What does it take for leaders to thrive in change? Warren Bennis in his wonderful book “On Becoming a Leader” has identified ten factors for personal and organizational characteristics for coping with change, and creating learning organizations. Here are the ten factors with my take on each.

Leaders manage the dream – The first step of a leader is to communicate vision. The vision is something that excites the team into action. The leader should also be involved in recruiting, rewarding, retraining and reorganizing. Managing the dream is critical because people will forget the big picture unless the leader keeps reinforcing the vision.

Leaders embrace error – All great leaders understand that mistakes will be made. They should welcome failure and errors. Make sure you don’t go for perfection and go for excellence instead. Great leaders encourage risk.

Leaders encourage reflective backtalk – This means you surround yourself with people who will provide genuine constructive feedback. This is important for a leader to grow.

Leaders encourage dissent – This means you are open to criticism from the team. You encourage people to speak up. As Jim Collins mentioned in his seminal work “Good to Great” engage in vigorous debate not coercion.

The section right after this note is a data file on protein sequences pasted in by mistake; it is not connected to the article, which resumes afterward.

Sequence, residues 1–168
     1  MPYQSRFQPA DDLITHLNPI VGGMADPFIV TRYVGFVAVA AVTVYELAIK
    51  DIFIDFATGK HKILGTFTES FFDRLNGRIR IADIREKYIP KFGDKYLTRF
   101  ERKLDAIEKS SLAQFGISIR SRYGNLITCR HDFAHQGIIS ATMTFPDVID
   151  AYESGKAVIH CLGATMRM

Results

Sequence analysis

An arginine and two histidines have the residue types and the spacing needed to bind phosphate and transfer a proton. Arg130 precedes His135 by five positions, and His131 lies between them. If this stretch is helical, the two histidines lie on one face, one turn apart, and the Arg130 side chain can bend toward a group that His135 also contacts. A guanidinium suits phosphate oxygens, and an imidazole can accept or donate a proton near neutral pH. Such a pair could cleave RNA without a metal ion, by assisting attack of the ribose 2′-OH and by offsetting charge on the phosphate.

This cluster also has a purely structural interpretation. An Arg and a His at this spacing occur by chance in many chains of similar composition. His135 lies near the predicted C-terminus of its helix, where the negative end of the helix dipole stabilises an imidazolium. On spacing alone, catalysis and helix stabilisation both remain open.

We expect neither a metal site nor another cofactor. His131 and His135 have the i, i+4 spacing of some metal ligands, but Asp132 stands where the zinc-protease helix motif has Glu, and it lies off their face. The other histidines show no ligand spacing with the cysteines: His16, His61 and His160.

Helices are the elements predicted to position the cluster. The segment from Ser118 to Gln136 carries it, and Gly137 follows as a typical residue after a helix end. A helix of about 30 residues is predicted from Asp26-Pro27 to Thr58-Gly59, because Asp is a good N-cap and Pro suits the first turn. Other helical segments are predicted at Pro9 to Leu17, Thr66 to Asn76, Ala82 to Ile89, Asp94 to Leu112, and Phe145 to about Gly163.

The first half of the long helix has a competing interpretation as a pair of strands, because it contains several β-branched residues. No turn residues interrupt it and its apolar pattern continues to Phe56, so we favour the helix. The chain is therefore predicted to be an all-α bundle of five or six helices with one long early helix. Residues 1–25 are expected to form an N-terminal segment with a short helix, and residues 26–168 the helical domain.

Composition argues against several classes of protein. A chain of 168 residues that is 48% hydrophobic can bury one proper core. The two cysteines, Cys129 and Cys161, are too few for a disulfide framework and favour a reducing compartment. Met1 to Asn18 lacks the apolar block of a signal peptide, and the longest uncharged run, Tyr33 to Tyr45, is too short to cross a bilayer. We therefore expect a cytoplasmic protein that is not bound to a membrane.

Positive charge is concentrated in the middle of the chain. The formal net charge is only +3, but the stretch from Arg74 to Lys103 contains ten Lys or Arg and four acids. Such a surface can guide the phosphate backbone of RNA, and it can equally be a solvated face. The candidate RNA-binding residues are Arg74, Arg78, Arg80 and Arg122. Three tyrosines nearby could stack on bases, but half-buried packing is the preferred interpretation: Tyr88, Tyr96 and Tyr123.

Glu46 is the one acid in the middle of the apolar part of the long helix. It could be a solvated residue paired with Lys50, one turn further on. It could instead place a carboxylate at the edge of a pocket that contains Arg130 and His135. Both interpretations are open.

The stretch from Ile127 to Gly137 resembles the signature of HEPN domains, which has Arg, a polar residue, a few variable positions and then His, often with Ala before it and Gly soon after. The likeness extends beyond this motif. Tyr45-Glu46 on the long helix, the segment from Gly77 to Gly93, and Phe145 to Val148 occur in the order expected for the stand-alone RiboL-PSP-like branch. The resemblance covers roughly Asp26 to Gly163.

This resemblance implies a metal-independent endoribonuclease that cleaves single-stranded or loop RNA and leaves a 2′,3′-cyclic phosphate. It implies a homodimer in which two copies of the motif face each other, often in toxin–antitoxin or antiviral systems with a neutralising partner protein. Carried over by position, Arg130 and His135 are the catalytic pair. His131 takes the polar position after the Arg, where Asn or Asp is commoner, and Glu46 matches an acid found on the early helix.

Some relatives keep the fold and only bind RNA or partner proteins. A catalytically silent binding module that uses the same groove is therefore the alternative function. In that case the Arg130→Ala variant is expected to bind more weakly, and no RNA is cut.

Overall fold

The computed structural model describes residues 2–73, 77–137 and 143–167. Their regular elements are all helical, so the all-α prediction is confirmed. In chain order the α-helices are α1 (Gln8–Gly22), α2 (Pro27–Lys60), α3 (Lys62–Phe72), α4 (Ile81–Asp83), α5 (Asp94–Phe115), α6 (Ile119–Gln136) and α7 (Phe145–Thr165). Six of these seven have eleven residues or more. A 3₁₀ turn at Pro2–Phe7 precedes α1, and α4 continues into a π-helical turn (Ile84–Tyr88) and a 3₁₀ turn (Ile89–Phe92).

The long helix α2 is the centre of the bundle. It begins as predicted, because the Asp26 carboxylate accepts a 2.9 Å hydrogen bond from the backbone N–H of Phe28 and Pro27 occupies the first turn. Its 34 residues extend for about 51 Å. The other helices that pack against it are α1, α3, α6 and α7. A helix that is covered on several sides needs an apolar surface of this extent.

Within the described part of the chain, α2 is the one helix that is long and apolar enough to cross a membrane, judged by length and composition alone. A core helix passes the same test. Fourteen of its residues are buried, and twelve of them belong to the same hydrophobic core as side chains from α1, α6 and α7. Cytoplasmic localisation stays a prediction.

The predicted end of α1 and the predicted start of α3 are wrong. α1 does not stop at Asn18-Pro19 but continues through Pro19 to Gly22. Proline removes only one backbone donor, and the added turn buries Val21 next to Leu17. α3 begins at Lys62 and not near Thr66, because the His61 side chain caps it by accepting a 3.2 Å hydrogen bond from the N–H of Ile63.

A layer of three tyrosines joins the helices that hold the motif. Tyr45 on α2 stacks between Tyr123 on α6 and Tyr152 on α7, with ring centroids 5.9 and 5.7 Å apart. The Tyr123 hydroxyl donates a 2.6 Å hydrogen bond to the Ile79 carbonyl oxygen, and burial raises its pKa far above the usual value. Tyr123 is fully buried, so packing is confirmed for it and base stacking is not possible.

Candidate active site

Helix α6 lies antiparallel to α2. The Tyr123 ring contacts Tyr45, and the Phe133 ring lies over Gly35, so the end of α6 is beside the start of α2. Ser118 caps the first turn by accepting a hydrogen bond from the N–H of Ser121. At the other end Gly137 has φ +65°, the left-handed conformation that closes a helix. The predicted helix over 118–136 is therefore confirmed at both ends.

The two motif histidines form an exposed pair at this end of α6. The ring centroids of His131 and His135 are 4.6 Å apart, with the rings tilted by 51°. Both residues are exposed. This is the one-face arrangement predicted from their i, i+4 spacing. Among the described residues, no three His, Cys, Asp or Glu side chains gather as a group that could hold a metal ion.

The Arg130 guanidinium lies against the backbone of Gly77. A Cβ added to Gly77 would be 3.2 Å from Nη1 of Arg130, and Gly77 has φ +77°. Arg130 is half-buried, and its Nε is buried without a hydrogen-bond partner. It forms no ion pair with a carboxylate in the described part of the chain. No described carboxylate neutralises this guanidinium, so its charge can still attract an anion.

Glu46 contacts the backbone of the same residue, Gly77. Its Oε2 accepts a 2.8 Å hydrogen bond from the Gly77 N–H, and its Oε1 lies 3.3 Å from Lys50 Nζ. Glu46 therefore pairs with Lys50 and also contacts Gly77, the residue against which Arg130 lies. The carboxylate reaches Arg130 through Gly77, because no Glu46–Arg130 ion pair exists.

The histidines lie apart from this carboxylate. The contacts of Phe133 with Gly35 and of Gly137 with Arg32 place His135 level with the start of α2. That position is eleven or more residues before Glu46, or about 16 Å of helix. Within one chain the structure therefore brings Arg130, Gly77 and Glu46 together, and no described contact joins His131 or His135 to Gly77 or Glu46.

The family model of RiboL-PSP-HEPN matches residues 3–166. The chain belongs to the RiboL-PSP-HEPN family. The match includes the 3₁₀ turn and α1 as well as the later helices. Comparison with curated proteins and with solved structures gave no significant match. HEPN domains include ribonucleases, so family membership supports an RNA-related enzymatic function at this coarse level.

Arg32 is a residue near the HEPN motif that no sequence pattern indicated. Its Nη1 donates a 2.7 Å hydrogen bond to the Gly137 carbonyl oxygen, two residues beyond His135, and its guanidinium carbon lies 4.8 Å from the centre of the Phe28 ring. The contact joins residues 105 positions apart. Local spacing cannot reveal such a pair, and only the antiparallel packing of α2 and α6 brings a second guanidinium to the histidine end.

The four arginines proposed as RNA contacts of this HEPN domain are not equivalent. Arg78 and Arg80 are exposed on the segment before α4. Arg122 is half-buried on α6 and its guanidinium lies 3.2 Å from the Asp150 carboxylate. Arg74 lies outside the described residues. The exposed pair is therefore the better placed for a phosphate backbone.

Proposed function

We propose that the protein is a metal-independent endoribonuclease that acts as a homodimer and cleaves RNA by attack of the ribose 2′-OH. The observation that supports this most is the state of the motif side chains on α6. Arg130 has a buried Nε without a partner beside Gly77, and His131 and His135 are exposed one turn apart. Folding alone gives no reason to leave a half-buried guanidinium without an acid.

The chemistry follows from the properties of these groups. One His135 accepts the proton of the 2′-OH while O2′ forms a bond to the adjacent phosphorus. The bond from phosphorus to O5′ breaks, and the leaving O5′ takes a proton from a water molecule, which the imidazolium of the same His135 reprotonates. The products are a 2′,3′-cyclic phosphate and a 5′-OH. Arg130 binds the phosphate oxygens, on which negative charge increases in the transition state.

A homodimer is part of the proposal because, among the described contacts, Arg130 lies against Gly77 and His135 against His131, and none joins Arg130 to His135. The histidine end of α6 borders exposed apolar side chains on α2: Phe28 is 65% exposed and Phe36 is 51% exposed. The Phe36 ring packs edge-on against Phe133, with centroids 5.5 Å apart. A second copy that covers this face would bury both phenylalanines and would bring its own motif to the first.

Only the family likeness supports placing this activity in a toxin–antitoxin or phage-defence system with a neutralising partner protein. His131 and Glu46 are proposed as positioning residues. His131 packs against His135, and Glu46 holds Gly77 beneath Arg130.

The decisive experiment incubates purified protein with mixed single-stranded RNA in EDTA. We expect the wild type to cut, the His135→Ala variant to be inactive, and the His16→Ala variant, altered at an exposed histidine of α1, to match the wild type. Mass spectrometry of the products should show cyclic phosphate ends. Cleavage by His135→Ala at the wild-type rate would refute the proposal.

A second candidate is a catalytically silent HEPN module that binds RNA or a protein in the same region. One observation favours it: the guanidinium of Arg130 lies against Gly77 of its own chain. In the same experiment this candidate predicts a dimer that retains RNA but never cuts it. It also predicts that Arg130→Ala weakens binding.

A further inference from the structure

Leaders possess the Nobel factor optimism faith and hope   – Leaders ensure they project an air of optimism. As it is there is enough negativity to go around so as a leader you should make sure you communicate optimism. Look for the good in every setback and always keep the larger vision in mind.

Leaders embrace the Pygmalion effect in management  – This means you always project positive expectations for the team. Your team will rise to the expectations you have for them.

Leaders have the Gretsky factor a certain touch – Wayne Gretzky famously said “I don’t go where the puck is but go where the puck is going to be.” Leaders understand where the organization is going to be in the future and drive their decisions based on that.

Leaders see the long view – Obviously the leaders have a long term view of life and the way things are going to turn up. This is important because unless you have a long term view you will encounter temporary setbacks which can derail you.

Leaders understand stakeholder symmetry – Begin with the end in mind but be prepared for every crisis on the way. This means keep all stakeholders internal and external in mind. Communicate with all stakeholders and ensure there are no surprises.

Leaders create strategic alliances and partnerships – Leaders think globally and understand that partnership with like-minded organizations is important to move forward in the future.

Finally Warren Bennis says the next generation of leaders will have the following in common. They are Broad education ,Boundless curiosity, Boundless enthusiasm, Contagious optimism, Belief in people and teamwork, Willingness to take risks, Devotion to long-term growth rather than short-term profit, Commitment to excellence, Adaptive capacity, Empathy, Authenticity, Integrity, and Vision. If we even half of these we will lead incredibly well.

There you have it the 10 factors that will help you cope with change, forge a new future and create learning organizations.

The views expressed here are my own and do not represent my organization.